KJ Hannah Greenberg
and Cathy Stevens Pratt

Cathy Stevens Pratt
Inspiration piece

If You Call Me Again
By KJ Hannah Greenberg

“If you call me again, I will report you,” I say with impatience, as I press the disconnect tab on my phone. I haven’t ordered pizza since The Big Change. What’s more, I certainly don’t give my credit card information to anonymous callers.

I shake my head and return to my puttering. It’s probable that the individual, the one who was phishing for access to my funds, failed to realize that his number showed up as “private,” rather than as a serious of digits, and that he failed to realize that my threat was as real as was his intent to secure a large, pineapple and cheese-covered, pie for me. It’s probable, too, that he was tasked by Jake.

I shrug as I rearrange another scoop of dirt in the closest window box. That container houses rosemary, basil, parsley, and celery because it sits in our southern window. In our northern aperture, my sister and I grow chives, mint, sweet peas, and radishes. The radishes, alone, are useful in their entirety. The other plants’ roots don’t get eaten but get added to our compost bucket.

Sis and I need those green friends as much as we need the cherry tomatoes, rainbow kale, and curly lettuce that are growing under heat lamps in our main room. Fresh food has been otherwise unattainable to us (and most of the rest of the world) from the time of the blight. Simply, outdoor horticulture is impossible.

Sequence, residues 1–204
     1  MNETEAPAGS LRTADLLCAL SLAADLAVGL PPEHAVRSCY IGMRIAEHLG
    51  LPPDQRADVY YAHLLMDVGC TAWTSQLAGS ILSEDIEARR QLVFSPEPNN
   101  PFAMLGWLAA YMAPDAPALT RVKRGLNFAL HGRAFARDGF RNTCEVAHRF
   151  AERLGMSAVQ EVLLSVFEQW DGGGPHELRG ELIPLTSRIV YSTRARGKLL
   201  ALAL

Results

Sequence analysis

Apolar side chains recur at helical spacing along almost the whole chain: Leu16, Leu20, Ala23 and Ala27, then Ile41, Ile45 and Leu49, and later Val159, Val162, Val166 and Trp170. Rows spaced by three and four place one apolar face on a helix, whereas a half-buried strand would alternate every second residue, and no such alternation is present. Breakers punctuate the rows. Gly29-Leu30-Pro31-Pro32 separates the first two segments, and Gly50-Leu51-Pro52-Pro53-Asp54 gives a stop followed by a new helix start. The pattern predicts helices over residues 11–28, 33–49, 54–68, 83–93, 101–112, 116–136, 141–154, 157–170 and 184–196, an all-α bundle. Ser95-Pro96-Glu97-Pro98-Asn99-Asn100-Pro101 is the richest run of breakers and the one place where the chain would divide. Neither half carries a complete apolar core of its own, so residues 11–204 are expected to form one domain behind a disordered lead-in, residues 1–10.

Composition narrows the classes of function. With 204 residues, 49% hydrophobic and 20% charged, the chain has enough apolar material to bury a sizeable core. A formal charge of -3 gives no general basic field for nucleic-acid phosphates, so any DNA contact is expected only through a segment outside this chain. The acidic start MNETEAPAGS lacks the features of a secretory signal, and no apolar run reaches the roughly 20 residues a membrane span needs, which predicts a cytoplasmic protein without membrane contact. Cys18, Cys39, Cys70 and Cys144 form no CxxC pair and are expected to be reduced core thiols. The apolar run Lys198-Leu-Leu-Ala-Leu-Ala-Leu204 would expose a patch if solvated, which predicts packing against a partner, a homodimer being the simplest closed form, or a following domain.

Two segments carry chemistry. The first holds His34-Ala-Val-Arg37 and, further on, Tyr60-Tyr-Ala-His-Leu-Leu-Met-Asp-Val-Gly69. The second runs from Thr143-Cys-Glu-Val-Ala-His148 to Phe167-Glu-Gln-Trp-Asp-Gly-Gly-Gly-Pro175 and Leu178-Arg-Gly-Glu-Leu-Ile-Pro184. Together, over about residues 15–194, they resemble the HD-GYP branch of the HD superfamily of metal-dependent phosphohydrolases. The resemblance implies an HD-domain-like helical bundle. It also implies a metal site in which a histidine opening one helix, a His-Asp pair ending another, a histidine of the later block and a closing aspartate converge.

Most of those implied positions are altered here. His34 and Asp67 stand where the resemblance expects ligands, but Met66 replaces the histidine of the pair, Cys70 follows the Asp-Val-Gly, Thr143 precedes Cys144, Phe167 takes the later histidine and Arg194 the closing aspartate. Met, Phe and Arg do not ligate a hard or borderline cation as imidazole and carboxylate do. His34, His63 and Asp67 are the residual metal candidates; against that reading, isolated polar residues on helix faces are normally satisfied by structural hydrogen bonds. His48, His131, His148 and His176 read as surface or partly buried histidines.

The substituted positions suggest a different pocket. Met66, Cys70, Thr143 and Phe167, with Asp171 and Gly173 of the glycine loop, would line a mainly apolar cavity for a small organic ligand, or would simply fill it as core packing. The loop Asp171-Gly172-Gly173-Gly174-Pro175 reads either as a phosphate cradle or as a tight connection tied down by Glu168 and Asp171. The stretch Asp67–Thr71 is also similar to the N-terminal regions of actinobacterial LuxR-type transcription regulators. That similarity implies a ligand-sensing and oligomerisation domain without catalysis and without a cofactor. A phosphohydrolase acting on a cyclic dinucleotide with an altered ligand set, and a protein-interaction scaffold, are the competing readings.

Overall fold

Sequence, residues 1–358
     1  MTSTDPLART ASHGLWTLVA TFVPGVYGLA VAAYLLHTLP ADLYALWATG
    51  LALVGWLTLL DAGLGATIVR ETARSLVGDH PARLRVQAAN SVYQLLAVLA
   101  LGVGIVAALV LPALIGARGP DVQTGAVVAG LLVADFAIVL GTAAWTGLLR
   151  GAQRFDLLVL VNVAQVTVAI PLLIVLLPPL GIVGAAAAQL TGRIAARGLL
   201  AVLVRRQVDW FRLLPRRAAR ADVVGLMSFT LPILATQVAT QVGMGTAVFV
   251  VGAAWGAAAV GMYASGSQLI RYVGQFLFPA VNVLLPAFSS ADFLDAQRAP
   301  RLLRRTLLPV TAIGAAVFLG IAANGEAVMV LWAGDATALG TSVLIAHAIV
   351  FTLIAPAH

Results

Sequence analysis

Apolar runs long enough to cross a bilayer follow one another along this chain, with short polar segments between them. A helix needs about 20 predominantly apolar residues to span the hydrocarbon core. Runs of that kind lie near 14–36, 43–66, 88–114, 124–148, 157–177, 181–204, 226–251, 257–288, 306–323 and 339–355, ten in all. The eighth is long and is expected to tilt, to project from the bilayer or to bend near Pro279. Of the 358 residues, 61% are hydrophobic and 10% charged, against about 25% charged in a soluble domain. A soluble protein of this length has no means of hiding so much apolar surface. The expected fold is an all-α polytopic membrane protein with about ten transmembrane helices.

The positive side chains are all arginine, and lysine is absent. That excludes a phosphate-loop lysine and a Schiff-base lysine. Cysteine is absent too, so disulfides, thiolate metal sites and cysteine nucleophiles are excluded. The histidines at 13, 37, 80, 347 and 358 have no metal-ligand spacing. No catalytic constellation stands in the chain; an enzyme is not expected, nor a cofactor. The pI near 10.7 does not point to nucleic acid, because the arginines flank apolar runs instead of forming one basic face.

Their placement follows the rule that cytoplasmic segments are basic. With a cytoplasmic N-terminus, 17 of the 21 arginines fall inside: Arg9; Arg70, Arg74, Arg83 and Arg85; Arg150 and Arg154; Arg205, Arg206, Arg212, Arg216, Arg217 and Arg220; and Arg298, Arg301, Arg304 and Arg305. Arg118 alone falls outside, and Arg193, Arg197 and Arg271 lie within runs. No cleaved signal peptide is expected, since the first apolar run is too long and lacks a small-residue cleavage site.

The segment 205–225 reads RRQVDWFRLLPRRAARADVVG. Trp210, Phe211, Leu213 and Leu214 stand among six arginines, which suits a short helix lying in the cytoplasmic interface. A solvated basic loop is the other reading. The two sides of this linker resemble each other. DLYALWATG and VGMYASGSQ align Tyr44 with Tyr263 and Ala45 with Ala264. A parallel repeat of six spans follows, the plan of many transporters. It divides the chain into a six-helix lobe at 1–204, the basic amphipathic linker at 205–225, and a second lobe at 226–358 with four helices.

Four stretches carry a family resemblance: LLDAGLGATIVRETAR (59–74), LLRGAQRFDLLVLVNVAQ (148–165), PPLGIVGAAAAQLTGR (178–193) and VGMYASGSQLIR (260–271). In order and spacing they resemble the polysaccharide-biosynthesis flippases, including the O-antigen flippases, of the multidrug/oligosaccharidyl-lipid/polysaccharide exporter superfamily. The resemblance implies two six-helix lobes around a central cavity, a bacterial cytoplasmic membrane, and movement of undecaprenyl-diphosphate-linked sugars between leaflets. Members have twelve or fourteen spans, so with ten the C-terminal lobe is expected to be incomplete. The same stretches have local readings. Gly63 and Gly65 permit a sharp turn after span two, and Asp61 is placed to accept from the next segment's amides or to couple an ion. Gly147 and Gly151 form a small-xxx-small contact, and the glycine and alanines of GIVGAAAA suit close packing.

Whereas the planets’ princes can access greenhouses, the majority of us inhabitants can do so only in our dreams. More exactly, the corporations that run the world’s indoor, vertical farms are almost as avaricious as were pharmaceutical companies of the Twenty-First Century. Last century, people died of cancer even though most forms of the disease were curable. This century, people die of malnutrition despite the fact that sufficient tons of crops are grown to feed everyone. Scarcely one per cent of civilization ingests wholesome eats.

I look up at the temporalmeter. The screen indicates that Vangerline will be home soon. Her shift at the tiny house manufacturing facility will be over in less than one hundred and fifteen minutes. Sis, who is a floor framing expert, enjoys a great job security.

These days, everyone lives in tiny houses. Sure, I’ve seen pictures of, and remember Mama and Papa’s tales of houses large enough to swallow up five of ours, but I don’t remember ever walking around inside such behemoths. Even wealthy folks, those people who can regularly purchase the fresh produce grown in exclusive hydroponic high-rise buildings, don’t own homes more than thirty feet long, more than eight and one half feet wide, or more than one and one half stories high.